How the ash came about

The crater, originally uploaded by Steingrimur.

Wondering why there’s flight disruption in the UK and Scandinavia? Here’s why.

What intrigues me is that the photographs were uploaded nearly a week ago. What happened in between? Do volcanic eruptions of this sort sometimes decide “No, we won’t spew forth any ash”?

I felt certain that flickr would have photographs of the event. The world of Now is not just about Twitter. It’s about the web. About all of us.

Thank you Steingrimur.

4 thoughts on “How the ash came about”

  1. On dailymotion JP!!! Already on the French Newspaper. The string from data to information to knowledge is already there. Just that the power is not recognised and Mr Brown still believe that people would pay for information…. In the UK, I am sure that even in the new world the old business model would work for Grazzia and the Sun not sure for the rest ;-)

  2. thanks Christian. I flew to the US yesterday, tried to get a birdseye shot but failed. too much cloud cover everywhere when I was passing Iceland. or so the “moving map” told me.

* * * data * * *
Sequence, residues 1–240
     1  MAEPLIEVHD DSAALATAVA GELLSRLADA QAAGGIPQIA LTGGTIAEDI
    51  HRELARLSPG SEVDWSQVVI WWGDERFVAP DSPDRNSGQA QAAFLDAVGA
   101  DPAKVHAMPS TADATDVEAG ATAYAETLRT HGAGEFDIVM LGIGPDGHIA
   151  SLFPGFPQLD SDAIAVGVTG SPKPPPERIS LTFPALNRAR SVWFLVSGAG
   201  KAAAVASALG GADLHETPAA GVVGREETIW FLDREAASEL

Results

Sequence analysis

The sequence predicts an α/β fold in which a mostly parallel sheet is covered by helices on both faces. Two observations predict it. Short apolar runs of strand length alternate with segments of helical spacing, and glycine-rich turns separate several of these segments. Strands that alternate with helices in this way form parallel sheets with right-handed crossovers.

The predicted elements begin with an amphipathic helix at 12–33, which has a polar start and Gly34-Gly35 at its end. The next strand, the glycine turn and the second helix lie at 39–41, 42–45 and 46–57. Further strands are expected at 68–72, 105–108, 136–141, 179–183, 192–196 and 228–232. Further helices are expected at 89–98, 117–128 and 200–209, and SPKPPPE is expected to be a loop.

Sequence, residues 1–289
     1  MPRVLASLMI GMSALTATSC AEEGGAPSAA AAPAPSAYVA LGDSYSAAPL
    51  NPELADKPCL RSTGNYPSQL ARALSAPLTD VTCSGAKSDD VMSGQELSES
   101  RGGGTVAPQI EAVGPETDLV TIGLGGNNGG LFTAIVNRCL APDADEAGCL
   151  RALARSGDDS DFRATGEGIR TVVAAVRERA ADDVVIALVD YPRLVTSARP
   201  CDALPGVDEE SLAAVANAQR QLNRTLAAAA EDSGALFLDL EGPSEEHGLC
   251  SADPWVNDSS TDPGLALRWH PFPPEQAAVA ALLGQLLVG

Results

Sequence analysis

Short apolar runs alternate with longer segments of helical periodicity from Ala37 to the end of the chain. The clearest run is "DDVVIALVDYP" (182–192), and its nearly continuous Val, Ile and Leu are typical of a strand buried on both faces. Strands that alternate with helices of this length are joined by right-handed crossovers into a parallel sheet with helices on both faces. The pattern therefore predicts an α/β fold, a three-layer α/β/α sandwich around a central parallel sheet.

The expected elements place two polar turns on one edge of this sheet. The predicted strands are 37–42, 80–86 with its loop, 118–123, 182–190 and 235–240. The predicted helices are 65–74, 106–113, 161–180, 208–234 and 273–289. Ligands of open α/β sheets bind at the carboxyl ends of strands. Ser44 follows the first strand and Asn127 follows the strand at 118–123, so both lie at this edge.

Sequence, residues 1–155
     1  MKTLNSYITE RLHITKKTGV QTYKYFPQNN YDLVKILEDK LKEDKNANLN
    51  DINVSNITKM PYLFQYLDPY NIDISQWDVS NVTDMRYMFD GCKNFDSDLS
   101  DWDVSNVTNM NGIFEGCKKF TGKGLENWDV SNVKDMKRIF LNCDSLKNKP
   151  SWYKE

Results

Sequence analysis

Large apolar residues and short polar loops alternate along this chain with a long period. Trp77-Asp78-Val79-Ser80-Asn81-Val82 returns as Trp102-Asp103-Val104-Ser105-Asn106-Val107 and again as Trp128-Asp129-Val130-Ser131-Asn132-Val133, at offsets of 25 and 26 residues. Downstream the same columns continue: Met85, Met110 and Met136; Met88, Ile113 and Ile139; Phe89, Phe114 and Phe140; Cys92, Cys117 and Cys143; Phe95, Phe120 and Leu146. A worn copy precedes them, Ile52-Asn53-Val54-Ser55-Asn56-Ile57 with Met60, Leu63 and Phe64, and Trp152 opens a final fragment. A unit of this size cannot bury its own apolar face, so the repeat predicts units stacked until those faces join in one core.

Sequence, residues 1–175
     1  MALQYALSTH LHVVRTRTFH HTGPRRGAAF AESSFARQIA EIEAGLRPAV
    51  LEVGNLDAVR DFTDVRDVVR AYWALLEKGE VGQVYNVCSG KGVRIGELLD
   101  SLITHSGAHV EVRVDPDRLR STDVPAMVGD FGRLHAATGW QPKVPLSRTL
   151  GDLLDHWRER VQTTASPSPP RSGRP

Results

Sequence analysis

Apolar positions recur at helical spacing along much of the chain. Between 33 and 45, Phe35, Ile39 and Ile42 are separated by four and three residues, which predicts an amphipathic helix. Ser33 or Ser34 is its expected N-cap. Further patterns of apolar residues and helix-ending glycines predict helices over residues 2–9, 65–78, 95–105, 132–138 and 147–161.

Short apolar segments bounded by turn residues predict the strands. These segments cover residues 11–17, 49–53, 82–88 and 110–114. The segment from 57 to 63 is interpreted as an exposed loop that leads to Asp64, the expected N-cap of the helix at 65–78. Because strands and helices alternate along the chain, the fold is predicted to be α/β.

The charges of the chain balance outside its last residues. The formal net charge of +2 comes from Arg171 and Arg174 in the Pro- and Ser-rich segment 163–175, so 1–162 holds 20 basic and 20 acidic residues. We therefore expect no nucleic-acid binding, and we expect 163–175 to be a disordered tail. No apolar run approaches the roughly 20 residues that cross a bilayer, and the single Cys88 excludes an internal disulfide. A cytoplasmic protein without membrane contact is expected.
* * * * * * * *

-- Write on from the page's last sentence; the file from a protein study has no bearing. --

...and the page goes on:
3. The eruption earlier wasn’t technically the same eruption. It was in Fimmvörðuháls (roughly translated as ‘neck of five mounds’, neck being a name for a certain kind of hill or mountain and mounds being used in the old days as path markers). The eruption then moved under the glacier with a change in it’s chemical composition and nature.

    The current eruption that’s under Eyjafjallajökull (roughly ‘Island Mountain Glacier’, Eyjafjall being the name of the volcano beneath the glacier) proper is also 10-30 times larger than the eruption a week ago. If Katla erupts (which is possible, it’s always followed an Eyjafjallajökull eruption, historically) then that in turn would be 10-30 times larger than this one.

Let me know what you think

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